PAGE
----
Speak For England
Back in early 2005, in the pages of the Guardian/Observer, both Alfred Hickling and Clemency Burton-Hill reviewed James Hawes’s curious new novel, published by Jonathan Cape. Intrigued, I decided to seek it out. Try as I might, there was no way I could get Random House Canada to sell me the book. When the Vintage trade paperback came out in March 2006, still with no Canadian availability, I took matters into my own hands and imported it myself from the UK. It turns out that a small American publisher that I have never heard of purchased the full North American rights to this title, but they never had the decency to release it in Canada. Bâtards…
Fast forward now to 2007, and we’re enjoying a vertible festival of Speak For England here in Canada. In late March Random House Canada, via its Anchor imprint, published a trade paper edition of the novel (under licence from the aforementioned small American press). Miracle of miracles, they decided to keep Steve Dell‘s original UK cover design, a playful take on the Boy’s Own and Eagle Annual of 1950s English schoolboy culture, rather than come up with some disatrous idea of their own. Then this week the French translation was released in Canada, published by Éditions de l’Olivier, an imprint of Éditions du Seuil that specializes in anglo-saxon literature. They’ve given it the title Pour le meilleur ou pour l’Empire, a delightful play on words (the phrase pour le meilleur ou pour le pire means for better or for worse) that evokes the ambivalency that one can feel towards the British Empire, especially as portrayed in the novel.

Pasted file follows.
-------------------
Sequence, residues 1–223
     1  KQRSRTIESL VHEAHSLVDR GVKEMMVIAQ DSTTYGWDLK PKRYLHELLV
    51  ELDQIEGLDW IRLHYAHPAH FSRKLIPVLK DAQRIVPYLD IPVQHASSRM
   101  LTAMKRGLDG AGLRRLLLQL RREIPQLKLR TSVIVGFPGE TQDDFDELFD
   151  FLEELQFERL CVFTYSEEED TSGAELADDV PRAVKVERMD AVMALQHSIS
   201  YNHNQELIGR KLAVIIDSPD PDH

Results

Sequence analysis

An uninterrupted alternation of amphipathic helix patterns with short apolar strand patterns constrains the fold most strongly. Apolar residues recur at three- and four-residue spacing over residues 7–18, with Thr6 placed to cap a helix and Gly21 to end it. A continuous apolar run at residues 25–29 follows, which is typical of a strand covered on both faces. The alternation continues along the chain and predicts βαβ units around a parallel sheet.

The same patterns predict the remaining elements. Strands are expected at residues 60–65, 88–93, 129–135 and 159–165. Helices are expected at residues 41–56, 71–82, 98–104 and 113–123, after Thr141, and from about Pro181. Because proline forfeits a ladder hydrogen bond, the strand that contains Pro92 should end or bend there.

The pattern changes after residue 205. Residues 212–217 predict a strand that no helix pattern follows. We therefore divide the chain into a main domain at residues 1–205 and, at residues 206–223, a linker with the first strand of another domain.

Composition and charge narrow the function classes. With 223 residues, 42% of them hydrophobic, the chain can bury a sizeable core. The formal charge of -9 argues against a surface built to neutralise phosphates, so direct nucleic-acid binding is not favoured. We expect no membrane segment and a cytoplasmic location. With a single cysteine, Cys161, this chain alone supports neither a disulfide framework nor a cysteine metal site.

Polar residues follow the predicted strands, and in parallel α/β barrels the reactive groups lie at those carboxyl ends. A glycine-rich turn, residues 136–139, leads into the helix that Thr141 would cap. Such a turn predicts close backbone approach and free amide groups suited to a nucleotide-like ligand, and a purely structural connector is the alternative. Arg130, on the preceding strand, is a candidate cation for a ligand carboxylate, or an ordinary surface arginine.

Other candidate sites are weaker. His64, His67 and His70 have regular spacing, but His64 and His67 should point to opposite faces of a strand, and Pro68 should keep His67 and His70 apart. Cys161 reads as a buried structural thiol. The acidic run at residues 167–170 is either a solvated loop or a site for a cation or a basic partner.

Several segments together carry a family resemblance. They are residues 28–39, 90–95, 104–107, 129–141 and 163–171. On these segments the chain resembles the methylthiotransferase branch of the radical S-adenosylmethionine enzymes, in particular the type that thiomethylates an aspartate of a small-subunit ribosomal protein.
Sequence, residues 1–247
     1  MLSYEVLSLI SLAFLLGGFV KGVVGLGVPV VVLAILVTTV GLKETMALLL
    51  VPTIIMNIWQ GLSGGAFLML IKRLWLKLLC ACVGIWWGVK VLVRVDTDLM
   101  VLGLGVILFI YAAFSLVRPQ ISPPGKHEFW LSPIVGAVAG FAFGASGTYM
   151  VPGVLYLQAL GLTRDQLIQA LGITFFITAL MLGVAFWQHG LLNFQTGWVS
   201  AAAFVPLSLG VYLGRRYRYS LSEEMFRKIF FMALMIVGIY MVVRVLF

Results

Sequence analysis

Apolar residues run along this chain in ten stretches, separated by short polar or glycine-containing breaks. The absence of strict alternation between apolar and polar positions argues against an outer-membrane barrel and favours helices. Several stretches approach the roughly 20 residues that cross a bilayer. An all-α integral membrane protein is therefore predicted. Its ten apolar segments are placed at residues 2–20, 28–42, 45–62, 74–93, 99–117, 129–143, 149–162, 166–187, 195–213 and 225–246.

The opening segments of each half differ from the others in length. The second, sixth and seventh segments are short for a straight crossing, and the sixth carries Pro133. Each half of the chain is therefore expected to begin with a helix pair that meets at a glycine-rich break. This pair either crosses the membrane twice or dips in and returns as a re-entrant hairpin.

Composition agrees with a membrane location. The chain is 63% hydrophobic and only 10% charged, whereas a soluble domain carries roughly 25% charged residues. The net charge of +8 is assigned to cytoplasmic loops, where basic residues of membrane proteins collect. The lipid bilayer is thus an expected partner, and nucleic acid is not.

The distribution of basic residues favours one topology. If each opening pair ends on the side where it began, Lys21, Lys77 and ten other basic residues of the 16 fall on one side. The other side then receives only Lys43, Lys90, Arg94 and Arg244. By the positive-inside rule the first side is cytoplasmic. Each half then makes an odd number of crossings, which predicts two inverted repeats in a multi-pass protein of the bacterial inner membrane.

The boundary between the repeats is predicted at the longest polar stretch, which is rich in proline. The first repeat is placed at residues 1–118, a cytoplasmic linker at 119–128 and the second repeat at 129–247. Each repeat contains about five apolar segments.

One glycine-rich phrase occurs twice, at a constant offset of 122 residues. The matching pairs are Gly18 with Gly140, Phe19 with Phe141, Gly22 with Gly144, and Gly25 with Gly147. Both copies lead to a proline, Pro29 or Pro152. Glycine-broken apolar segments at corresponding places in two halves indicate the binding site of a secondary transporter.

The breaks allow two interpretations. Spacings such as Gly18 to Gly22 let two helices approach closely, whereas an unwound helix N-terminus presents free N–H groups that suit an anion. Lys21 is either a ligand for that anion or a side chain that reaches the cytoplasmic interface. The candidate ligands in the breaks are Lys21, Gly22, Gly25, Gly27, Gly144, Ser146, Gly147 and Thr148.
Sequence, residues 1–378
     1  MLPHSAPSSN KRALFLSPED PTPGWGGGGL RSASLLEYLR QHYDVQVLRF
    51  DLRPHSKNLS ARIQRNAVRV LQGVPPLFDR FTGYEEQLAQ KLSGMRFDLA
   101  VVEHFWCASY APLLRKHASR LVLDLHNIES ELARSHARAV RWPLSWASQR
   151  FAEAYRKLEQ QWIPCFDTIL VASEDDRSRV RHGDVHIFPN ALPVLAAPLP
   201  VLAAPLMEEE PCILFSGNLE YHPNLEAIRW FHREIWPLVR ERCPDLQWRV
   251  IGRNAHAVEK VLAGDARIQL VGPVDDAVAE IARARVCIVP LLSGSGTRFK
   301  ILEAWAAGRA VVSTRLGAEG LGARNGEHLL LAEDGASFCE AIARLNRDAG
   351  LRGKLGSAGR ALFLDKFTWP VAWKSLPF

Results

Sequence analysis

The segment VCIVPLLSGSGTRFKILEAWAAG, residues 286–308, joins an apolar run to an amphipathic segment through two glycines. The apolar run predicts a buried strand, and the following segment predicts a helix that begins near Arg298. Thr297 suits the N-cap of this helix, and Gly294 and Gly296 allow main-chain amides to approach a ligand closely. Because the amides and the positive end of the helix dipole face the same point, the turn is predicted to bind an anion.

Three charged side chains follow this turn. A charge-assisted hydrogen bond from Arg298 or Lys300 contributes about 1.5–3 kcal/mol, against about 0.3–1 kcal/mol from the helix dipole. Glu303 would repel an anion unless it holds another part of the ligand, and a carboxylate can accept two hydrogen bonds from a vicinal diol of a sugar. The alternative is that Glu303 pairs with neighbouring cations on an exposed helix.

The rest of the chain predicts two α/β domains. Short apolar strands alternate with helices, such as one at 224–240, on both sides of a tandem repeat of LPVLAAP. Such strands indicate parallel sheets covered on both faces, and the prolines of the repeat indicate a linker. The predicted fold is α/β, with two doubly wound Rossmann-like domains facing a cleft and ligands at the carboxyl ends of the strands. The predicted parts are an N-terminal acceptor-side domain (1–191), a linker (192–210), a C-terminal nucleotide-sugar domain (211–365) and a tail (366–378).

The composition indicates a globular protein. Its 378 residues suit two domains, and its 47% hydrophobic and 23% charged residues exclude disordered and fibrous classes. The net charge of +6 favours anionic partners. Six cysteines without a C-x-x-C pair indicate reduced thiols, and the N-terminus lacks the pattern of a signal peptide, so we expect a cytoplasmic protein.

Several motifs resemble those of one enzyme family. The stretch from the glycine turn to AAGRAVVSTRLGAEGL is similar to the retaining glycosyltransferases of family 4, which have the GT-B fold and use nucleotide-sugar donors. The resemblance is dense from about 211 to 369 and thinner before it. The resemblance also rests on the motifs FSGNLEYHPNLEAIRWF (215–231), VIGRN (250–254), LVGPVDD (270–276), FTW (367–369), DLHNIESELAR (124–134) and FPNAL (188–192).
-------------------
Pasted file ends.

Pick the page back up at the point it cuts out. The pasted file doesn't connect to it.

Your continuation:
What is not delightful, however, is the cover design they’ve come up with. All they had to do was to slap some French words onto the Steve Dell design, but instead they decided to go their own way. The design credit is given as scandella@IDSland.com, which is surprising as Cédric Scandella has always struck me as being an exponent of the quiet is the new loud design school, especially when one considers the marvellous job he did of designing the covers for Christian Bourgois’s Titres (to be examined in a future post).
That being said, here then are the various cover designs (from left to right, top to bottom: Vintage UK trade paperback; l’Olivier French trade paperback; original Cape UK hardcover; Anchor Canada trade paperback). Click on a cover for the full size image.
From the Cape hardback to the Vintage paperback, notice the change of tagline from Great New Strips, Stories, Articles to The Great New Smash Hit Story, the replacement of the propeller-based aeroplane with a more modern-looking airplane, the change of content and font for the two newspaper quotes, as well as the change in background colour. The Canadian cover, like the American ones that came before it, takes the colour and quotes from the Cape hardcover, and the quotes font, airplane and tagline from the Vintage paperback.
Unique to the Canadian cover, however, is the absence of the vertical bar on the left hand side (edit: it turns out that this was just an inaccurate publicity image provided by Random House), which creates the effect of that tape they used to put on the spine of children’s picture books in librairies.
The French cover design, especially when considered in the context of the original one by Steve Bell, is just terrible. I mean, look at the thing! The fake-looking union jack superimposed on the whole mess is the cherry to top it all off, the icing on the cake if you will. Disaster!